DAYTON, Ohio (WDTN) — 42 years ago, over a thousand people gathered with eager anticipation in the ballroom of the Dayton Convention and Exhibition Center, where former President Jimmy Carter held an hour-long question-and-answer session for Miami Valley community members.
“It’s really an honor for me to be here with you in [the] Miami Valley,” Carter remarked at the beginning of the Oct. 2, 1980 meeting. “I’ve only been here a few minutes, but I think I can already agree with your city’s motto, and it’s right on the mark. It’s ‘Great in Dayton.’ There’s no question about that.”
Carter’s legacy extends to more recent times, as he became the oldest living former president in American history. Now 98, he has since been under home hospice care since February.
During his visit to the Miami Valley in 1980, Carter engaged with a diverse array of community members, including a 13-year-old named Harlan Louis.
Louis, who currently works as an attorney in Columbus, fondly reminisced about the special memory of meeting the president.
“I remember taking off school and being thrilled to be able to see a president in person. I never imagined that I would be able to speak with him,” Louis said.
“Prior to the town hall, I got picked as one of the questioners. But I was at the back of the line, and they told us that the town hall might end before I got to ask my question. So, for most of the hour, I kept looking at the clock and doing the math hoping that I would get to talk with the president.”
Fortunately, Louis did get the opportunity to pose a question, and he did so with flair. With courage in his heart, the 13-year-old asked Carter, “I would like to know—just suppose that you could not, or you wouldn’t run for president. Who would you rather become president, John Anderson or Ronald Reagan?”
This led to laughter echoing through the room.
“Well, during every town hall meeting I try to pick out one question that I don’t answer,” Carter joked. “I believe the country would prefer a Democratic president, and if I could not run and could not be elected, at this moment my choice would be Fritz Mondale.”
Reflecting on that moment, Louis explained that he wanted to pose a unique question.
“By this point in the campaign every question had been asked and answered,” he said. “So, I tried to come up with something different. I appreciated that he took it in good humor and then used it to have a conversation with me. That day, it seemed like such a long conversation. As I read it now, it surprises me how short it was. The fact that the president took a few extra minutes to with me as a 13-year-old was thrilling.”
A few days later, Louis was pleasantly surprised to receive a personally signed thank-you note from President Carter in the mail.
As the question-and-answer session concluded, a senior from Northridge High School, Ken Day, raised the topic of predictions that every 20 years, or election years ending in zero, foretold a president’s death in office. He asked President Carter if he had any concerns.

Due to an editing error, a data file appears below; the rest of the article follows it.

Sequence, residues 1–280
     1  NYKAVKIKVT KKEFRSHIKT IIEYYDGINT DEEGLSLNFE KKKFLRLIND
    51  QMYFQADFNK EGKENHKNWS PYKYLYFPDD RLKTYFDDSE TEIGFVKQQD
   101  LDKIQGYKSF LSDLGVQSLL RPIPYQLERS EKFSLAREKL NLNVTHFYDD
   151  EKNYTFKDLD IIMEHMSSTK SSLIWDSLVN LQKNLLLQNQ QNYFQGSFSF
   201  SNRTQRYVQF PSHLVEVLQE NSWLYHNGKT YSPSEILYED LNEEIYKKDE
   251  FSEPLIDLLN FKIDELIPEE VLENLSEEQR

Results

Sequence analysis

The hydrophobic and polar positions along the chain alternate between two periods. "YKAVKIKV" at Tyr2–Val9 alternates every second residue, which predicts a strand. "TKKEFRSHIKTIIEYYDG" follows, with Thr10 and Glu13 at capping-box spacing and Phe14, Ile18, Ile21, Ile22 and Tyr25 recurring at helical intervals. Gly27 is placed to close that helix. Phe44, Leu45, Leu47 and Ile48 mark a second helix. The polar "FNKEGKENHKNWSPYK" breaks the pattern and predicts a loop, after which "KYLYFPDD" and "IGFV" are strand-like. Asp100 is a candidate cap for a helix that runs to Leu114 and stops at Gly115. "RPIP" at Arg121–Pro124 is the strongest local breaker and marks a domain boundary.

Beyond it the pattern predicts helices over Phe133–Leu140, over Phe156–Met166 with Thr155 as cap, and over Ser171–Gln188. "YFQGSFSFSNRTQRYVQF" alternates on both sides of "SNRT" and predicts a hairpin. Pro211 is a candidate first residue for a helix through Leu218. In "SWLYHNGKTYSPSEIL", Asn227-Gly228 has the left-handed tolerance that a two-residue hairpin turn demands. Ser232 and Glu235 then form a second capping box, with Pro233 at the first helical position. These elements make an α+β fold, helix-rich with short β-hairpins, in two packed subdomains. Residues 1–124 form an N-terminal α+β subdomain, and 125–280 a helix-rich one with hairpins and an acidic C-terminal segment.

“I’ve seen those predictions. I’m willing to take the chance,” Carter responded.
“The American people have given me an honor that I never dreamed of when I was your age, and I think it would be worth it even if I knew that it would end in some kind of tragedy…I’m not afraid. If I knew it was going to happen, I would go ahead and be president and do the best I could till the last day I could.”
While Carter was ultimately defeated by Republican Ronald Reagan for the title of 40th U.S. president, this setback paved the way for his decades-long global advocacy for democracy, public health and human rights, extending far beyond the borders of the nation he campaigned in.
In 1982, the former president and his wife, Rosalynn, established The Carter Center in collaboration with Emory University, driven by their unwavering dedication to human rights and the alleviation of human suffering.
On Sept. 14, 1992, Carter was invited to speak at the University of Dayton as part of their Distinguished Speakers Series. His presentation was titled, “Social Responsibility: Caring About Moral and Ethical Issues.”
Donations collected at the event went to Habitat for Humanity, a nonprofit organization dedicated to providing homes for those in need. Through this organization, the Carters led the Jimmy & Rosalynn Carter Work Project for Habitat for Humanity for more than 30 years, raising awareness of the critical need for affordable housing.
On Dec. 10, 2002, Carter was awarded the Nobel Peace Prize “for his decades of untiring effort to find peaceful solutions to international conflicts, to advance democracy and human rights, and to promote economic and social development,” according to White House archives.
“I have one life and one chance to make it count for something,” Carter said of these efforts. “My faith demands that I do whatever I can, wherever I am, whenever I can, for as long as I can, with whatever I have to try to make a difference.”
The Carter Center is extending an invitation to the public to share messages of peace and comfort with the Carter family through an online message board. You can submit yours here.